A disc bulge (many refer to as slipped disc), can potentially compress against or irritate the nerves where it exits from the spine at that level or the levels above or below. This nerve pressure can cause back pain, spasms, cramping, numbness, pins and needles or electrical pain into your legs.
Lumbar Disc herniation
If there is nerve entrapment in the lumbar spine, this leads to symptoms of leg pain or sciatica which include: leg pain which radiates below the knee to the foot/toes. The leg pain is usually more severe than the back pain. Numbness, paresthesia’s (pins & needles), weakness and/or loss of tendon reflexes, which may be present and are found in the same distribution and only in one nerve root distribution. However, nerve root compression can lead to permanent nerve damage with sensory and motor deficits when left untreated or when people stay on pain killers for a long period of time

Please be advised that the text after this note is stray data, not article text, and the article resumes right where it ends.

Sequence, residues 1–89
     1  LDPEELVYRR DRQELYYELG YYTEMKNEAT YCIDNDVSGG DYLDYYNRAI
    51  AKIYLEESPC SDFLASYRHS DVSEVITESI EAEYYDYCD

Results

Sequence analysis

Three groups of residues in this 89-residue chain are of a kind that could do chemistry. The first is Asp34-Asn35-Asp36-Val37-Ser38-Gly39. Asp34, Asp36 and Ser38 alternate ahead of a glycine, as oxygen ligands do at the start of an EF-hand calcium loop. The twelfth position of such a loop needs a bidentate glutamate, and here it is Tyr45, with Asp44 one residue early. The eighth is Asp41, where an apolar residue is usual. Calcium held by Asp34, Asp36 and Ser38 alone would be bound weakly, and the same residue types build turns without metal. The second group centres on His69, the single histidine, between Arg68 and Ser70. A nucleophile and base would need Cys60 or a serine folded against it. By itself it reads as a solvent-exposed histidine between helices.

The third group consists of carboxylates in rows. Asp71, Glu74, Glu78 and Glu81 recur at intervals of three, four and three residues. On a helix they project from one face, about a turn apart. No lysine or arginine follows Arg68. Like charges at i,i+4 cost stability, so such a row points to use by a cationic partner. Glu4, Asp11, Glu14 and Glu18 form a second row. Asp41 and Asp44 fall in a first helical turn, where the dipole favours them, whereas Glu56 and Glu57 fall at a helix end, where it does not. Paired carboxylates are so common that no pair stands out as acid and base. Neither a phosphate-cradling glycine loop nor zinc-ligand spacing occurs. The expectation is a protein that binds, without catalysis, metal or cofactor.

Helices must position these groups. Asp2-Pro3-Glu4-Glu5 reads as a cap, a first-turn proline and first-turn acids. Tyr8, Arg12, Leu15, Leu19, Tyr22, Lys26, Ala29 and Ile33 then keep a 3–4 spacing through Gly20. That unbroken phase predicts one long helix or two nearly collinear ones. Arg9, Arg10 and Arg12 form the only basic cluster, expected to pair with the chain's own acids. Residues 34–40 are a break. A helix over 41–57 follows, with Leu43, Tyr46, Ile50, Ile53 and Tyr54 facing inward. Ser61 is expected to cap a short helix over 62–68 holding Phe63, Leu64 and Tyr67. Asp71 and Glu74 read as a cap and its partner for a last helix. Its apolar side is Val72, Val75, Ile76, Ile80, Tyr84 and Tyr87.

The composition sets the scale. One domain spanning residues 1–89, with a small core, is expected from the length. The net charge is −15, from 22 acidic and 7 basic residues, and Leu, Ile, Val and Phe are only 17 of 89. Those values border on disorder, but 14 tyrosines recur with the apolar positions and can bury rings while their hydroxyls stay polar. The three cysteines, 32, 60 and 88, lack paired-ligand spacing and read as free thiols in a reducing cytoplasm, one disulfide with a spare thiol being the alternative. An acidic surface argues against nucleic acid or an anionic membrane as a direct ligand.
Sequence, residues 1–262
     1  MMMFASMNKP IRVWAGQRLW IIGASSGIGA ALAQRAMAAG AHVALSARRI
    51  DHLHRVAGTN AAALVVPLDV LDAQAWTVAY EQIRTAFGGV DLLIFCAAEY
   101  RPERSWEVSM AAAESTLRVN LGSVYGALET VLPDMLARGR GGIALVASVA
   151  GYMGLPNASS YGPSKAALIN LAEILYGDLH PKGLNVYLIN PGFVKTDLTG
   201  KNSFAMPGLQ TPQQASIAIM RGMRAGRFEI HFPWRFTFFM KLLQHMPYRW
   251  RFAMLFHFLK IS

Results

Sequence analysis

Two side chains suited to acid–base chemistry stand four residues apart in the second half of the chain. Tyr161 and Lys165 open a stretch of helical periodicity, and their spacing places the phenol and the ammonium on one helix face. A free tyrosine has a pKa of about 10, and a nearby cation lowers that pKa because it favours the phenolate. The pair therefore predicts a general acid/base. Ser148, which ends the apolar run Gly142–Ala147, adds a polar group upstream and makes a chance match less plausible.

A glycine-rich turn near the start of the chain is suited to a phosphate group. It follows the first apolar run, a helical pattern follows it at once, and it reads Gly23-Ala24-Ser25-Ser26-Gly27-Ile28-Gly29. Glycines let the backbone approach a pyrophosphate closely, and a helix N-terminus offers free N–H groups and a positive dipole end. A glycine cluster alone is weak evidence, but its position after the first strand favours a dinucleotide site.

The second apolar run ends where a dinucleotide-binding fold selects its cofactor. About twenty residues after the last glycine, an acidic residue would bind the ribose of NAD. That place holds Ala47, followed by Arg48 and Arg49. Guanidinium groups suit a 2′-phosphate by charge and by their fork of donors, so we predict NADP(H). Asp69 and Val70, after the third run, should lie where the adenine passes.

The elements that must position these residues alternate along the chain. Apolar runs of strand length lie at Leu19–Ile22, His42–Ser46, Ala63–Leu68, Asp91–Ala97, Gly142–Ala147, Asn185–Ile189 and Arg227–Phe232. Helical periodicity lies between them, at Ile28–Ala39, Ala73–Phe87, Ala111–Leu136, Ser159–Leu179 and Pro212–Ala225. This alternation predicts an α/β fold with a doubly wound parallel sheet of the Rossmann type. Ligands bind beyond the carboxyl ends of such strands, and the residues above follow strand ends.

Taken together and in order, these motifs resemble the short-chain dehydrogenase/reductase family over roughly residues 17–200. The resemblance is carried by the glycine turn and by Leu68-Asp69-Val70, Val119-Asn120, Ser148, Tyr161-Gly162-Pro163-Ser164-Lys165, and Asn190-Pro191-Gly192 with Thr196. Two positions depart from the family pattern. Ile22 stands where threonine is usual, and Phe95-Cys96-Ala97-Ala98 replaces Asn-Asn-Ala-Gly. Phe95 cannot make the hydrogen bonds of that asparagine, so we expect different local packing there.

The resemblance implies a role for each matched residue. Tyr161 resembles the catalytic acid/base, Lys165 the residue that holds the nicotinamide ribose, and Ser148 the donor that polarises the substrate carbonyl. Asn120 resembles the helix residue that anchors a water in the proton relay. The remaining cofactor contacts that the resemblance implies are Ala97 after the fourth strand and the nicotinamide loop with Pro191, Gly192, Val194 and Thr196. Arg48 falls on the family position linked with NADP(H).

Cervical (neck) Disc herniation (prolapsed disc)
Cervical disc herniation occurs most frequently at the levels of C4/5, C5/6 and C6/7. Posterior herniation causes symptoms by compressing the cord or a nerve root, or by stretching the posterior longitudinal ligament or posterior annulus.
Degenerative disc disease (cervical spondylosis)
It is a natural normal part of ageing; disc degeneration can also occur in young people as well. The cause is likely to be genetic, environmental, traumatic, inflammatory, infectious, sports and other factors. Degenerative disc disease may lead to disc herniation as well.
Treatment Options for Neck & Back pain as well as Disc Pain